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Solar Harvest, Inc. Vs. Davao Corrugated Carton Corporation GR No.

176858, July 26, 2010 FACTS: In the 1st Quarter of 1998, Solar Harvest and Davao Corrugated entered into an unwritten agreement. Solar Harvest placed orders for customized boxes for its business of exporting bananas at USD 1.10 each. Petitioner made a full payment of USD 40,150.00. By Jan. 3, 2001 petitioner had not received any of the ordered boxes. On Feb. 19, 2001 Davao Corrugated replied that as early as April 3, 1998, order/boxes are completed and Solar Harvest failed to pick them up from their warehouse within 30 days from completion as agreed upon. Respondent mentioned that petitioner even placed additional order of 24,000.00 boxes, out of which, 14,000 had already been manufactured without any advance payment from Solar Harvest. Davao Corrugated then demanded that Solar Harvest remove boxes from their warehouse, pay balance of USD 15,400.00 for the additional boxes and P132,000 as storage fee. On August 17, 2001 Solar harvest filed complaint against Davao Corrugated for sum of money and damages claiming that the agreement was for the delivery of the boxes, which Davao Corrugated did not do. They further alleged that whenever repeated follow-up was made to Davao Corrugated, they would only see sample boxes and get promise of delivery. Due to Davao Corrugateds failure to deliver, Solar Harvest had to cancel the order and demanded payment and/or refund which Davao Corrugated refused to pay. Davao Corrugated counterclaimed that they had already completed production of the 36,500 boxes plus an additional 14,000 boxes (which was part of the additional 24,000 order that is unpaid). The agreement was for Solar Harvest to pick up the boxes, which they did not do. They even averred that on Oct. 8, 1998 Solar Harvests representative Bobby Que even went to the warehouse to inspect and saw that indeed boxes were ready for pick up. On Feb. 20, 1999, Que visited the factory again and said that they ought to sell the boxes to recoup some of the costs of the 14,000 additional orders because their transaction to ship the bananas did not materialize. Solar Harvest denies that they made the additional order. On March 20, 2004 the RTC ruled in favor of Davao Corrugated. ISSUE: Whether or not Davao Corrugated was responsible for breach of contract as Solar Harvest had not yet demanded from it the delivery of the boxes? HELD: NO. The CA held that it was unthinkable that for around 2 years petitioner merely followed up and did not demand the delivery of the boxes. Even assuming that the agreement is for delivery by Davao Corrugated, respondent would not be liable for breach of contract as petitioner had not yet demanded from it the delivery of the boxes. There is no error in the decision of the RTC. Furthermore, the claim for reimbursement is actually one for rescission or resolution of contract under Article 1191 of the Civ. Code. The right to rescind contracts arises once the party defaults in the performance of his obligation. Article 1191 should be taken in conjunction with Article 1169: Those obliged to deliver or to do something in delay from the time the obligee judicially or extrajudicially demands form them the fulfilment of their obligation. However the demand from creditor shall not be necessary in order that delay may exist.: 1. When the obligation or the law expressly so declares, or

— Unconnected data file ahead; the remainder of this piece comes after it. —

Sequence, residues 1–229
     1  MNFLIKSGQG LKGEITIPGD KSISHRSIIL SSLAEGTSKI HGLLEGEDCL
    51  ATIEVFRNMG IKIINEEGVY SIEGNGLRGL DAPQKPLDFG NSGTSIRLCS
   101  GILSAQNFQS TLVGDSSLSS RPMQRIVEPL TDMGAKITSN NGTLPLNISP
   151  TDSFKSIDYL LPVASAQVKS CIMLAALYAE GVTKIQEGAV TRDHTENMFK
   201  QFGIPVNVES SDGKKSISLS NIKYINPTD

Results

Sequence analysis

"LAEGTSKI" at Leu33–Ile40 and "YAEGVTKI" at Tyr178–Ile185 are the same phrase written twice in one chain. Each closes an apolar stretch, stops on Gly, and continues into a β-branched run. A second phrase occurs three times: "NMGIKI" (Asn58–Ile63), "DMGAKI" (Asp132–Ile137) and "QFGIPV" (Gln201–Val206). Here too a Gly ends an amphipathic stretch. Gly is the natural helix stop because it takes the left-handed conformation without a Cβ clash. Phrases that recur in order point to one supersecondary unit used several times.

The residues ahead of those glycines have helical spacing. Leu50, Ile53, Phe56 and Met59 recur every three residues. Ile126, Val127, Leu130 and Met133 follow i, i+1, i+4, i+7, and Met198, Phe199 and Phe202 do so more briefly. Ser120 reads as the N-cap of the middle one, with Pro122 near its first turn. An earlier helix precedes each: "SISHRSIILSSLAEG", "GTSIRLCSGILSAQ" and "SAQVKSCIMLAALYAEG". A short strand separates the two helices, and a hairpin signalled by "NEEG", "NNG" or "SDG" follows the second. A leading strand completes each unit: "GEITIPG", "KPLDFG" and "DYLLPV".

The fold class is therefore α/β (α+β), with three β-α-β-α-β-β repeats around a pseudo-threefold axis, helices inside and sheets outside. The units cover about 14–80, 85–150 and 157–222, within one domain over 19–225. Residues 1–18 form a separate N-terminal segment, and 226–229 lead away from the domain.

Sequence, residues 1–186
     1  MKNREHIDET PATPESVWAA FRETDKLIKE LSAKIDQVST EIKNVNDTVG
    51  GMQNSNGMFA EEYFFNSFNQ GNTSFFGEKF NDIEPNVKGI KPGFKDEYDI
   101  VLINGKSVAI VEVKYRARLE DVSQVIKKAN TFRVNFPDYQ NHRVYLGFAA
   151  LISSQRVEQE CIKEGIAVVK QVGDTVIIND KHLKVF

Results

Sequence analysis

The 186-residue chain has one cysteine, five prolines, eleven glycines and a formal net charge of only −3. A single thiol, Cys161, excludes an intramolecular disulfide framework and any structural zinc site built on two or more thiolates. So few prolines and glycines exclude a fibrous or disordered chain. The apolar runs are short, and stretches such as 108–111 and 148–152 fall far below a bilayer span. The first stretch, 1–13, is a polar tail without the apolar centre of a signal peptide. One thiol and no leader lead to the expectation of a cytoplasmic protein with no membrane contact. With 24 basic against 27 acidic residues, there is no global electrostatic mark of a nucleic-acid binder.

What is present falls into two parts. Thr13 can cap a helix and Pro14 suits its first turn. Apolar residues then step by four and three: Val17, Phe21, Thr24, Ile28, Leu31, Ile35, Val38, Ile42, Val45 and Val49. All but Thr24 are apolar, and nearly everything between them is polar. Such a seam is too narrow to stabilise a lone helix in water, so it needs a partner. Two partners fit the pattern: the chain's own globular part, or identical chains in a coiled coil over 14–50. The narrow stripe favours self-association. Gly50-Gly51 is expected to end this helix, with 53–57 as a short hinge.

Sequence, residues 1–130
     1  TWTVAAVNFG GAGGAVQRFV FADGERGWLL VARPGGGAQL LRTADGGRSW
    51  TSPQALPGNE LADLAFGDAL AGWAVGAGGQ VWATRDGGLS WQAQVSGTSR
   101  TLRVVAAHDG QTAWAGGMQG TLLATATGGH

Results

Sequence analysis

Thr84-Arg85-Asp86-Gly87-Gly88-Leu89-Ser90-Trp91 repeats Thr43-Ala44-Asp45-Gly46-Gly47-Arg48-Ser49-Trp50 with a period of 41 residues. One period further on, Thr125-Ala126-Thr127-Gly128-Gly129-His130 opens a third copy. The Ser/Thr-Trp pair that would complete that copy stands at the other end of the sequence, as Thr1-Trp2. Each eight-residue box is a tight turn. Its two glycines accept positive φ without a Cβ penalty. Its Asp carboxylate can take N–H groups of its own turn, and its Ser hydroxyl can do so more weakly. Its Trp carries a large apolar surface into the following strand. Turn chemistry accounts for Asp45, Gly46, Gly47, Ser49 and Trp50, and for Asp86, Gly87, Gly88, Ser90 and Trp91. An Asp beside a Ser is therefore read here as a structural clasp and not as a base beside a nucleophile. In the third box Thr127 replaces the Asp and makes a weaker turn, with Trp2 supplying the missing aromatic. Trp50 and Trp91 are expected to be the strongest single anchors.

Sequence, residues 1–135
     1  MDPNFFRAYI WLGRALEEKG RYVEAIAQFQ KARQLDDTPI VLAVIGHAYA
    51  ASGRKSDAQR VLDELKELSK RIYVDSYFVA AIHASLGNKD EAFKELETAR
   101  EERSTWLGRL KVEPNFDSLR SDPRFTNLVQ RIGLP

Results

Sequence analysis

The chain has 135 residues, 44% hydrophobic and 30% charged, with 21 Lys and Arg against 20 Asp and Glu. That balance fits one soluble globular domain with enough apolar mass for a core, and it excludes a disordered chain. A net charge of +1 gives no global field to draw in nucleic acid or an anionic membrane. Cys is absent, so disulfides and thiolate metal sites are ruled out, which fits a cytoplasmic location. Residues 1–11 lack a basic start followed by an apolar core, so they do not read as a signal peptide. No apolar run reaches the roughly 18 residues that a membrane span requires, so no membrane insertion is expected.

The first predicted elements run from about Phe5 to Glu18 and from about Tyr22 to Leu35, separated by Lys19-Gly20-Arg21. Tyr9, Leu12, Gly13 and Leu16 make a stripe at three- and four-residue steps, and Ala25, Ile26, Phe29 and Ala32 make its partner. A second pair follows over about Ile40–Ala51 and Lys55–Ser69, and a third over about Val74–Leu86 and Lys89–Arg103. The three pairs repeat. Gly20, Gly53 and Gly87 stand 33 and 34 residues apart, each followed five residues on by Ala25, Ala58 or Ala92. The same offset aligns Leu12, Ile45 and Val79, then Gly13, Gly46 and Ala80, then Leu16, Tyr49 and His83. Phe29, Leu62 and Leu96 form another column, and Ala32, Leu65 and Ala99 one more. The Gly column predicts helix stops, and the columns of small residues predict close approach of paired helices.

2. When from the nature and the circumstance of the obligation it appears that the designation of the time when the thing is to be delivered or the service is to be rendered was a controlling motive for the establishment of the contract; OR 3. When the demand would be useless, as when the obligor has rendered it beyond his power to perform.

In reciprocal obligations, the general rule is that the fulfilment of the partiess respective obligations should be simultaneous. No demand is necessary because once a party fulfills his obligation and the other party fails to do his, the latter automatically incurs delay. When dates are set, the default for each obligation is determined by the rules given in the 1st paragraph of the article. Thus even in reciprocal obligations, if the period for the fulfilment of the obligation is fixed, demand from the obligee is still necessary before the obligor can be considered in default and before a cause of action for rescission will accrue. In the case of Solar Harvest, merely following up the order was not the same as demanding for the boxes. The SC held that Solar Harvests petition is denied and that Davao Corrugated did not commit breach of contract and may remove the boxes from their premises after petitioner is given a period of time to remove them from their warehouse as they deem proper (Court gave 30day period to comply with this)